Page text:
Last week Russia invaded Ukraine, and agricultural markets moved to extreme levels. Wheat was the leader because of the importance of both Ukraine and Russia in global wheat production and exports. As the invasion unfolded, Ukraine closed all its export shipping terminals, and Russia closed the Azov Sea to commercial shipping.
The first gains for the week came after the long weekend in the United States. Concerns about an invasion built over that weekend, and when the US markets opened on Tuesday, prices rallied towards the highs set in November last year.
Tensions continued to build with Russia withdrawing staff from its embassy in Kyiv. Western nations also began ramping up their sanctions against Russia. The wheat market reacted by taking out the November high and moving to the highest prices since 2012. In $A terms the market moved to the highest levels since 2008, with only seven days when the $A daily close was higher.
During Thursday our time, Russian forces made their move. Wheat immediately rallied with nearby futures locking into a limit up move of 50 USc/bu. That price gain extended from overnight trade in the US into their daytime trading, so that on Friday morning we were looking at a combined three-day rally of $A66.60 a tonne.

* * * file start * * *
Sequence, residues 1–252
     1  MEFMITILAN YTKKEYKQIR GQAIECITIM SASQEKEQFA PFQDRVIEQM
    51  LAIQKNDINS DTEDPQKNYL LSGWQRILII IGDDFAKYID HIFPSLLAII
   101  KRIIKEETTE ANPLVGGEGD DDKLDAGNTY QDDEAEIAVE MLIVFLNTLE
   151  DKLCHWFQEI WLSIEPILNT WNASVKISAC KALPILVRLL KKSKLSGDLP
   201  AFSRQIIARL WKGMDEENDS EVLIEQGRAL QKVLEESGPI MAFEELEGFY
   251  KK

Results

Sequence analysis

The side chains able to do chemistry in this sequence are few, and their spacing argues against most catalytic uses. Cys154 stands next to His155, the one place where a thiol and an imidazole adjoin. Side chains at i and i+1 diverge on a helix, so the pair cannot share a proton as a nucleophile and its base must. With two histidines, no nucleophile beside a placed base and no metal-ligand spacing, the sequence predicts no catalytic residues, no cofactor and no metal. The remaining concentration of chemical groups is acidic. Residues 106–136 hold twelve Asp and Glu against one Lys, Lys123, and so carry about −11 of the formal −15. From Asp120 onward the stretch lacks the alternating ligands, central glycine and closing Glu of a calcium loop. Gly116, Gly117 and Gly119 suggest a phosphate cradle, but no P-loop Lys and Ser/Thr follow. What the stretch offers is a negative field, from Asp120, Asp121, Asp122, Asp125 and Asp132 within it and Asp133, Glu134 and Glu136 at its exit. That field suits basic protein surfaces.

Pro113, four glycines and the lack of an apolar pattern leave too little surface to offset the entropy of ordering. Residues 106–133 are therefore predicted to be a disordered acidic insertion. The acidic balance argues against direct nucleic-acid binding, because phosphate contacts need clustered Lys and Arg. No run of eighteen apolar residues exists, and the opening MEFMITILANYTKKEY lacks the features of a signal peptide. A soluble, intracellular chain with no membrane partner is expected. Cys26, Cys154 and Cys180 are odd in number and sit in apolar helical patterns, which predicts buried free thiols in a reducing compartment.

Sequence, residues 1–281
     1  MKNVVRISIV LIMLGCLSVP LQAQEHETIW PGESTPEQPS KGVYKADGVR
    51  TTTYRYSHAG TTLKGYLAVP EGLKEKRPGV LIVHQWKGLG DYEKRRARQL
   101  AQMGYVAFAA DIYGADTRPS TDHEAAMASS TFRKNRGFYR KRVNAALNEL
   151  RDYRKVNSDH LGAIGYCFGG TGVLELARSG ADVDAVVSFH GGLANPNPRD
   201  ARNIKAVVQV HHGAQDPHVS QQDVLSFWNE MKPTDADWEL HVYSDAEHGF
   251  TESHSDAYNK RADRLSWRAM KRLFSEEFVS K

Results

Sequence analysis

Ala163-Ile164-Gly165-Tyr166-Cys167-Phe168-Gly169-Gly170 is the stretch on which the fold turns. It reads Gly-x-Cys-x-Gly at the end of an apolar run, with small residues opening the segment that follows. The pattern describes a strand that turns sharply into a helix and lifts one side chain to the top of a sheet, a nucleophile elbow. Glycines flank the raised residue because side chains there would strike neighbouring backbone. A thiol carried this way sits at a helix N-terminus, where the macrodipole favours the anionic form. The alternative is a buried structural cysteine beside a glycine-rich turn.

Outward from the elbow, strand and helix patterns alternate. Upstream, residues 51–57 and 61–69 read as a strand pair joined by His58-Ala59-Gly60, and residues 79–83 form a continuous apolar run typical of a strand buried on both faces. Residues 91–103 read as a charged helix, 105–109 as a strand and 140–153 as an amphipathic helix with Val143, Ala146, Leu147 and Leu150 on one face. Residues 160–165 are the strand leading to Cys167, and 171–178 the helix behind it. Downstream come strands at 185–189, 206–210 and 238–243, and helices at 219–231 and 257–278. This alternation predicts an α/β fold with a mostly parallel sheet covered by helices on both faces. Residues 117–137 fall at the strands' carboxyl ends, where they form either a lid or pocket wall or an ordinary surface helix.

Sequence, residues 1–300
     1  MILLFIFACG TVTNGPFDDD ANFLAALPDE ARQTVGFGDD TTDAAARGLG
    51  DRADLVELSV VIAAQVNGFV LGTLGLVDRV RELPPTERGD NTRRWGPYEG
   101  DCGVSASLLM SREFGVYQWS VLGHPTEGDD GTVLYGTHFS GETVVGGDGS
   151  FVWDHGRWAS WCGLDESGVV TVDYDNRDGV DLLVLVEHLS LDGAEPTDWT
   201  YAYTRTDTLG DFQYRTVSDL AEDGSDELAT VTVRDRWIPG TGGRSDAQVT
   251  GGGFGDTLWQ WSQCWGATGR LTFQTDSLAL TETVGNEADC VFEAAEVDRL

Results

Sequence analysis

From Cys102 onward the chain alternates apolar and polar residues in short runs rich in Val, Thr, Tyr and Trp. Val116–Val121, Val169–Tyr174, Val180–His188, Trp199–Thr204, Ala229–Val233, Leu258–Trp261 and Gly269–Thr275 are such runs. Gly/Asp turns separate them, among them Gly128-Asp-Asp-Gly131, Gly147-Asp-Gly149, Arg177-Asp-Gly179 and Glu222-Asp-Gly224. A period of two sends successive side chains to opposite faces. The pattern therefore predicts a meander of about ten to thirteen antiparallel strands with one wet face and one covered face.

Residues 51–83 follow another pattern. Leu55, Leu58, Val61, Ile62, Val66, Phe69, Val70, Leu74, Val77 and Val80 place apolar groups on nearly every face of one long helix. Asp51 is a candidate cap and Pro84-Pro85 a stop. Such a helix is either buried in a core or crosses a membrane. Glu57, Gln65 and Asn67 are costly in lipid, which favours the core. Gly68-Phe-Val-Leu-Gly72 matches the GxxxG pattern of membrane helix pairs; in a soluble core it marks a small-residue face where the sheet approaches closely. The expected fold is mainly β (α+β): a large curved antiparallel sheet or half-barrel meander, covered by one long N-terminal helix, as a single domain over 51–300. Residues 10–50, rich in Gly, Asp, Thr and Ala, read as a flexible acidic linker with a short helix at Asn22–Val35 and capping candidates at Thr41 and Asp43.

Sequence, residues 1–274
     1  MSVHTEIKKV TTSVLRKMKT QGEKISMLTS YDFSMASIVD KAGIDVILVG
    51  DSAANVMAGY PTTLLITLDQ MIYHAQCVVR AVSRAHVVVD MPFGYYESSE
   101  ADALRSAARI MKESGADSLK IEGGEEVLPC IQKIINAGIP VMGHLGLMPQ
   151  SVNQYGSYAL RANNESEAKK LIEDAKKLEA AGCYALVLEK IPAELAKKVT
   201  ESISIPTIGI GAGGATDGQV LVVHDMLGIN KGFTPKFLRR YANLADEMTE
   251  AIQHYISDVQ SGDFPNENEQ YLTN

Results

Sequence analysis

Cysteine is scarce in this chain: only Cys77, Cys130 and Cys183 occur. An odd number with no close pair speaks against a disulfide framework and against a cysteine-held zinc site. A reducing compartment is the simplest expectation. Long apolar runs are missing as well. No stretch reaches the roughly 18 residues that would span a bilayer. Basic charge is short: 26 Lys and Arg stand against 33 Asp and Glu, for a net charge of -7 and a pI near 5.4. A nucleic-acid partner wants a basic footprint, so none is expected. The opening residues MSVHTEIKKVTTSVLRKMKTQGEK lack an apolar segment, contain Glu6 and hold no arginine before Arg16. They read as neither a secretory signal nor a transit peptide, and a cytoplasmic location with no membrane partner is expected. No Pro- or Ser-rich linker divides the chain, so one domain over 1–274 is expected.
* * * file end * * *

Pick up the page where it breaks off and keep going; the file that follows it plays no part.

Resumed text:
Interestingly December futures gained $A51.41/t, perhaps in the first indication that the problems being priced into the market were being seen as nearby, not fully longer term.
These are sharp moves for the wheat market. The only other time we have seen prices moves of this magnitude over a couple of days was back in March 2008, when we saw $A64.70/t added to closing futures prices over a three-day period.
So, last week delivered the sharpest three-day $A rally in Chicago Board of Trade futures on record, and took daily closing $A prices to levels only ever exceeded on three trading days in March 2008 (December futures).
Such sharp price rallies are invariably followed within a day or so, by a sharp price retraction. We saw it in 2008, 2017, and 2020. We saw it on Friday night last week, as profit taking stepped in, fired up by being end of week and end of month.
Where to from here is always the critical question. Volatility is probably the easiest aspect to forecast. We are likely to see more sharp daily moves as sentiment waxes and wanes.
Major importers say that they are not likely to be impacted by a lack of shipping from Russia in the near term. However, if Russian exports and Ukrainian production and exports are disrupted for too long the market will have to react. The price peak may still be ahead of us.
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